AR rifle shooters can heave a sigh of relief, at least for the moment. On Tuesday the BATF pulled back from one of its most controversial proposals in a spell — the ban of M855 ammunition.
As was reported in The Hill, the Federal agency retreated from its effort to shelf the surplus military ammo due to a resounding grassroots and political outcry:
The Bureau of Alcohol, Tobacco, Firearms, and Explosives (ATF) said it will not seek to issue a final framework for the rule “at this time” after receiving more than 80,000 comments on the proposal, the “vast majority” of which were negative.
“You spoke, we listened,” the ATF tweeted.
The National Rifle Association (NRA) and other gun-rights groups assailed the proposal, and were joined by Republicans in demanding that it be withdrawn.
However, the BATF's entire tweet announcing the pull back should do little to soothe gun owners' hearts. It insinuates the 5.56x45mm NATO ammunition is still very much on the agency's radar:
— ATF HQ (@ATFHQ) March 10, 2015
The Federal agency predicated the proposed ban of the ammunition on Law Enforcement Officers Protection Act of 1986. The legislation defined and banned the use and manufacturer of armor piercing ammunition.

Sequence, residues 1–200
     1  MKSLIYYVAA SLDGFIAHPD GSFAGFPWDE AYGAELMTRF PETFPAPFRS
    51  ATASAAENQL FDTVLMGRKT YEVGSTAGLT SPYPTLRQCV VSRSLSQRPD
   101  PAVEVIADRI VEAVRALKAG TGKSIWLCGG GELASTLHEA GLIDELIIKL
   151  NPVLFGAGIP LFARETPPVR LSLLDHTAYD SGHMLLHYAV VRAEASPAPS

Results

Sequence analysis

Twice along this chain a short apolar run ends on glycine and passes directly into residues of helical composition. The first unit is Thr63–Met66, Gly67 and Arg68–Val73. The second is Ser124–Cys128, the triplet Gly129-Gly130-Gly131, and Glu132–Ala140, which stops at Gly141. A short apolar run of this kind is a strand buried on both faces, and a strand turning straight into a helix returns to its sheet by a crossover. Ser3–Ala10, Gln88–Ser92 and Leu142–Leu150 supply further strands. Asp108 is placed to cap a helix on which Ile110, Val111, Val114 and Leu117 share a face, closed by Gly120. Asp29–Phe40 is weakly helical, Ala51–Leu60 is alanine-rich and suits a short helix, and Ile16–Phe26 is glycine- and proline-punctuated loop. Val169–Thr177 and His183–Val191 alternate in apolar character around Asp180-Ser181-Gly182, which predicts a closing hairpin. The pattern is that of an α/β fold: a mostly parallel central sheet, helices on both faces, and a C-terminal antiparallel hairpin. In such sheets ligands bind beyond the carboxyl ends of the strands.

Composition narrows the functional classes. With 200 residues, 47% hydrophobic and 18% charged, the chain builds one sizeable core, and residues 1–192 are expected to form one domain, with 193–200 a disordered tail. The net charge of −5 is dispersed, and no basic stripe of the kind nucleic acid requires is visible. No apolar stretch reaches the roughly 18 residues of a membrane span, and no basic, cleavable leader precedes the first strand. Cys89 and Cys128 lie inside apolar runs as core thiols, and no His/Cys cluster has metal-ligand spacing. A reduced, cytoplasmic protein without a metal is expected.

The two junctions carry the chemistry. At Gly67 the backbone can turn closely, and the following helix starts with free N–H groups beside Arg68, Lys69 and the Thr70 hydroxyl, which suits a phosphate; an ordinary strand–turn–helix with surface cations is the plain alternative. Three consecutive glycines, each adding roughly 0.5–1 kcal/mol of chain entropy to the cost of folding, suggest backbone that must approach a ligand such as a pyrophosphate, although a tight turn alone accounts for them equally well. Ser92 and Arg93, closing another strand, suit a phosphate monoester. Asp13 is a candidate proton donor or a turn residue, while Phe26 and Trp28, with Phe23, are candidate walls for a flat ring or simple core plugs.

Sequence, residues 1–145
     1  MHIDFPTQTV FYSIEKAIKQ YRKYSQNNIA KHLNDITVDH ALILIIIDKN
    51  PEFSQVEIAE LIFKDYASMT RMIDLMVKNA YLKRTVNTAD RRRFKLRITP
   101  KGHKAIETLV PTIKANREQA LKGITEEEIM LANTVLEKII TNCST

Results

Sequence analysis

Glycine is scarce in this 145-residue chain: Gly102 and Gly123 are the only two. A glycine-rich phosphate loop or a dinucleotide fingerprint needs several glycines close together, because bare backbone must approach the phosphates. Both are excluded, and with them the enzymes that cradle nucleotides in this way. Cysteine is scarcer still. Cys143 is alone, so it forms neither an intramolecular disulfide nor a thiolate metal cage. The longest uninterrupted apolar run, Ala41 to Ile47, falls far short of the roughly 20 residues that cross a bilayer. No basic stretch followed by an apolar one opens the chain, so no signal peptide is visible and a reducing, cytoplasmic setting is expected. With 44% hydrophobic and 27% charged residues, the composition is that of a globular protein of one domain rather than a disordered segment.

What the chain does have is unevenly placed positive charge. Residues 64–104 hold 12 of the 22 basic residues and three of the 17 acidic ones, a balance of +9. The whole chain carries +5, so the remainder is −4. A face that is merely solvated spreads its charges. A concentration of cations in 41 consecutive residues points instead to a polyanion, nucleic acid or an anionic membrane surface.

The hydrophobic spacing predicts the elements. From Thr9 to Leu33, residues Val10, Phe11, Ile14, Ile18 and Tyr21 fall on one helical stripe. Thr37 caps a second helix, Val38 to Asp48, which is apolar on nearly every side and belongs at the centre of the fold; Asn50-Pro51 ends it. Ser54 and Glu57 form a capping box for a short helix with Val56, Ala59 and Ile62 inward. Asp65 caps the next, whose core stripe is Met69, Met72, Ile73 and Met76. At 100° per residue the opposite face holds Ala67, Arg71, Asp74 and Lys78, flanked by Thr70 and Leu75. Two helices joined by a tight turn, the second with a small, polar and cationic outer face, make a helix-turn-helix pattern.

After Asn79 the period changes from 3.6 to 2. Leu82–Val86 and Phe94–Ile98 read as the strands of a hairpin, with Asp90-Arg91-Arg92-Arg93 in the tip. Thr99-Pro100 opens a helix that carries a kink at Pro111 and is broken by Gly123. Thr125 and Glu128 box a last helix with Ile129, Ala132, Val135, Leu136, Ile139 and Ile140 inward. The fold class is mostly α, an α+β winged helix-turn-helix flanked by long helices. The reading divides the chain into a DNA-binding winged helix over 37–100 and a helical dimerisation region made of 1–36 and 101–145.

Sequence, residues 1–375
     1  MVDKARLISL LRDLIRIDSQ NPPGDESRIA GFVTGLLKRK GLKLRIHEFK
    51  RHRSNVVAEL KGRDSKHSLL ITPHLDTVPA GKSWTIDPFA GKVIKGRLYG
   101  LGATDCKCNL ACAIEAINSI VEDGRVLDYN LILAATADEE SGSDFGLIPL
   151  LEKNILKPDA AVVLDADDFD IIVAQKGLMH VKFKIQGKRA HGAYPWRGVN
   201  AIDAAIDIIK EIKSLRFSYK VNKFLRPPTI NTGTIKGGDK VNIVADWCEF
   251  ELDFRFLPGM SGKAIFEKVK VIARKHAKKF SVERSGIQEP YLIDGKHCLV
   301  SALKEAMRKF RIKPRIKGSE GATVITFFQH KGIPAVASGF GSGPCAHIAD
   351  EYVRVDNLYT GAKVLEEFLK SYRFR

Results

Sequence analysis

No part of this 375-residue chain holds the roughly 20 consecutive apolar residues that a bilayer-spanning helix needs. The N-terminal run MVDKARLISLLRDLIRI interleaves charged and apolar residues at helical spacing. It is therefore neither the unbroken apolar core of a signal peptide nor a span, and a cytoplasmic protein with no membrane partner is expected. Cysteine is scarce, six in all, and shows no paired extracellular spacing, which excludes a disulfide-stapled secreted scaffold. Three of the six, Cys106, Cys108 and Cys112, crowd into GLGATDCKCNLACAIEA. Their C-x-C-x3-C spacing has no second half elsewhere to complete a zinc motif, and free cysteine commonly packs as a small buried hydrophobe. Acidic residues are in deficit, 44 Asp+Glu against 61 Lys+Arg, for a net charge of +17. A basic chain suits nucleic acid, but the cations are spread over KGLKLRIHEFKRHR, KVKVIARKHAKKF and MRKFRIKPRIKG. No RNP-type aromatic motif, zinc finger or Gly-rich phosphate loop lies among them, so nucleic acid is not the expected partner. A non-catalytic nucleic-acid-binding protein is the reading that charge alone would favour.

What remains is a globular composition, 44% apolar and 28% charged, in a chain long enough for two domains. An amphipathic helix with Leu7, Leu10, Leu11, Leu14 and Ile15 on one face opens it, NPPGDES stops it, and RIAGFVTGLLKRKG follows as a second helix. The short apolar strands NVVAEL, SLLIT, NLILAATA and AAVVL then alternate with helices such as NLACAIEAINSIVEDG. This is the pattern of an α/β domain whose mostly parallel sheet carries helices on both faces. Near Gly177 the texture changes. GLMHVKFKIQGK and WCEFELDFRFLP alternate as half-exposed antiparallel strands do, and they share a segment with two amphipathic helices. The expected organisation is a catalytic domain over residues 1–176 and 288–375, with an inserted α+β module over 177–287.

The BATF’s claim was the M855 round met the act's definition of armor piercing, due to its steel perpetrator and the fact it could be fired out of a pistol. As was pointed out by many commentators, the agency’s interpretation of this definition was wildly off the mark.
In addition to gun-right activists and politicians, the proposed ban of what is also known as green tip ammo also drew the ire of law enforcement. On March 3, a representative of the Fraternal Order of Police stated to the Washington Examiner there was no history of the round being used against police, undermining one of the BATF’s main arguments why the ban was needed:
“Any ammunition is of concern to police in the wrong hands, but this specific round has historically not posed a law enforcement problem,” said James Pasco, executive director of the Washington office of the Fraternal Order of Police, the world's largest organization of sworn law enforcement officers, with more than 325,000 members.